I left things off in February of 2014, when things started to change, slowly, but drastically. It was such a whirlwind and I’m not very good at remembering the timeline of everything, so I’m going to do this as a list. However, I just realized that there’s so much I want to say about every item on this list that I’m going to break them into separate blog posts. That way
I’ll balance out the very depressing posts I have so far (depressing, but necessarily so), and
you won’t read in one sitting what in Microsoft Word will be a ten-page document. Single fucking spaced.
Here is one of the great things I did during My Happy Years (henceforth MHYs):
I quit smoking after smoking on and off for eight years.
Smoking had always been mostly appealing for its ability to reduce my stress. And boy howdy did I have a lot of stress. Smoking was a crutch, something to enforce a break within whatever emotional time-suck I found myself. I never pictured myself smoking long-term, but I had done a bad job of nailing down when I would actually stop.
At first, I told myself, when I turn 25 I will quit smoking for good, but then 25 came and went and I kept lighting up. I wasn’t ready to let it go; I didn’t WANT to let it go. Fast forward to a few months into MHYs and I realized: I don’t need to smoke anymore. Not only do I not need to, I don’t want to. I’m ready to quit, and to quit for good.
I had more reasons for quitting. I typed them up in a list and printed it out, so I could have it on me to refer to if I ever got tempted to smoke. Here is that list:
Reasons Why I Want to Quit Smoking
- It greatly reduces myriad health risks and will prolong my life.
- My hair and clothes will smell aMAZing.
- I’ll be more kissable!
- Colds won’t last as long.
- It will improve my lung capacity, which will make it easier for me to exercise.
- I won’t have to be outside when I don’t want to be outside.
- I will save about $840 a year.
- It will help with my indigestion problems.
- My teeth will be whiter and in better condition.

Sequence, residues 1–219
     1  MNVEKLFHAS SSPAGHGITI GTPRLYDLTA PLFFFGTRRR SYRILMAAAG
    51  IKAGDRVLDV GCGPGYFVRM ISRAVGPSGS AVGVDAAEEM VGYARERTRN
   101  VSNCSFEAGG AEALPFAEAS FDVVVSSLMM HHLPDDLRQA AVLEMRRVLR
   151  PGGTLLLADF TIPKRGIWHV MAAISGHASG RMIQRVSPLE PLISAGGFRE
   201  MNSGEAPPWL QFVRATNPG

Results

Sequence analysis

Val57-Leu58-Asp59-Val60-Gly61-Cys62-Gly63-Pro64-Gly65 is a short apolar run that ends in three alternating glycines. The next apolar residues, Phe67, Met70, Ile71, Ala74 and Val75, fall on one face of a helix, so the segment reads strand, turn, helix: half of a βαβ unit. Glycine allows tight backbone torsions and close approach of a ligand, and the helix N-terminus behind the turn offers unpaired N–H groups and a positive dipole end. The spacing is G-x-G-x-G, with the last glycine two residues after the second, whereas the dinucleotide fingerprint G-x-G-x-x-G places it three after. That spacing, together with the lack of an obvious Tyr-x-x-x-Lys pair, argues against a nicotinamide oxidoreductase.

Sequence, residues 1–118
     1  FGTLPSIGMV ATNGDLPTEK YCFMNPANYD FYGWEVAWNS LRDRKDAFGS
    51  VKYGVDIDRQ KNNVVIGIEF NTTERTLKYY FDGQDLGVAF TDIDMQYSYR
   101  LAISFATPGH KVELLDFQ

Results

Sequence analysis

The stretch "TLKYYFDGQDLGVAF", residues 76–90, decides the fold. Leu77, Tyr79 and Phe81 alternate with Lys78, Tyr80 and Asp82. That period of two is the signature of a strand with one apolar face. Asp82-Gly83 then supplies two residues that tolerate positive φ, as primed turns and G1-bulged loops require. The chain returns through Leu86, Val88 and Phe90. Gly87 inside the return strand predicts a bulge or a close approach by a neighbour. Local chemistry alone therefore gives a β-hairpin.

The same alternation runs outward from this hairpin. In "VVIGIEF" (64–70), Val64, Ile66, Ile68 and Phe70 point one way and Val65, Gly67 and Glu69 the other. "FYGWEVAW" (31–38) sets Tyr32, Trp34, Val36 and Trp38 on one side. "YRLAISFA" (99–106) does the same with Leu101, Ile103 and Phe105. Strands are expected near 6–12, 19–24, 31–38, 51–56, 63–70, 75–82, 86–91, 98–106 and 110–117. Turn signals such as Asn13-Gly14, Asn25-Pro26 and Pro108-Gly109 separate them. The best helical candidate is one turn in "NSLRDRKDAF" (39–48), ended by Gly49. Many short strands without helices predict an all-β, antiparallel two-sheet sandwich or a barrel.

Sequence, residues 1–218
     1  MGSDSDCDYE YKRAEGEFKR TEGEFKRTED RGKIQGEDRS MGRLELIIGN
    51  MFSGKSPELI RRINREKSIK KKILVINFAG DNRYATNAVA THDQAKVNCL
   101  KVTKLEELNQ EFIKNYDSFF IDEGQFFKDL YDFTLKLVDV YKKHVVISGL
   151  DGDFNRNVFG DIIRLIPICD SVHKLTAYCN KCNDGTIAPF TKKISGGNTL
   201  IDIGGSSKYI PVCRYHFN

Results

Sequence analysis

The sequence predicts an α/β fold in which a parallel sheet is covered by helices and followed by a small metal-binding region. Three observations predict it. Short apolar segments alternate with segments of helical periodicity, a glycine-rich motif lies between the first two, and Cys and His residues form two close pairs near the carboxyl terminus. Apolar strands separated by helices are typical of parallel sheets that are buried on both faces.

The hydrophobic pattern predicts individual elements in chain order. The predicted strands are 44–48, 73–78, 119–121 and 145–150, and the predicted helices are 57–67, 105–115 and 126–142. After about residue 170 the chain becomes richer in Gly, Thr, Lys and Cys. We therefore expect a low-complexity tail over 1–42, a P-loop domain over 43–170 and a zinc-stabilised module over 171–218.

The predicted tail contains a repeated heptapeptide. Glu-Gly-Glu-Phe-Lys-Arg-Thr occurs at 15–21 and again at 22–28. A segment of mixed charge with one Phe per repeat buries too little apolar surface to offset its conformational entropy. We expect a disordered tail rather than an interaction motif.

- It will enhance my sense of taste. Foods that are already delicious will be even MORE delicious!
- I won’t be putting harmful second-hand smoke into the atmosphere.
- I won’t ever need to litter again.
- My car won’t get any more burns on/in it.
- I can drive in the rain with my windows rolled up—ALL the time!
- I won’t feel guilty about smoking cuz I won’t be doing it anymore! WHAT’S UP?!
- I won’t be nagged to quit smoking.
- Everyone who has at some point nagged me will be really proud.
- There won’t be an automatic deal-breaker for future boyfriends.
- To prove I’m stronger than my habit!
- Because I don’t need it anymore.
As you can see, I had a ton of good reasons in my arsenal, but I didn’t yet have a plan. I wanted to do this right—I wanted to quit and stay quit, but to do that, I needed to prepare. Here’s what I did to get ready:
I had the inside of my car meticulously detailed (a gift from my parents to encourage my quitting).
I cleaned all of my clothing, towels, and bedding. Really, ALL of it.
I searched out all of my stashed cigarette lighters and threw them away.
I stocked up on mouthwash, gum, breath mints, toothpicks, and straws.
I created a schedule to wean myself off of the nicotine. I worked my way down from five or six cigarettes a day to two, spacing it out over two weeks. The last three days I smoked only 1 cigarette.
I brainstormed what scenarios I might find tempting to smoke in and wrote an “Attack Plan” to conquer the cravings. Here it is:
ATTACK PLAN: Scenarios for Cravings and How to Avoid Smoking
- In the morning when I drink my coffee while sitting on the porch—STAY INSIDE WHILE DRINKING COFFEE AND COMPLETE A WORDSEARCH.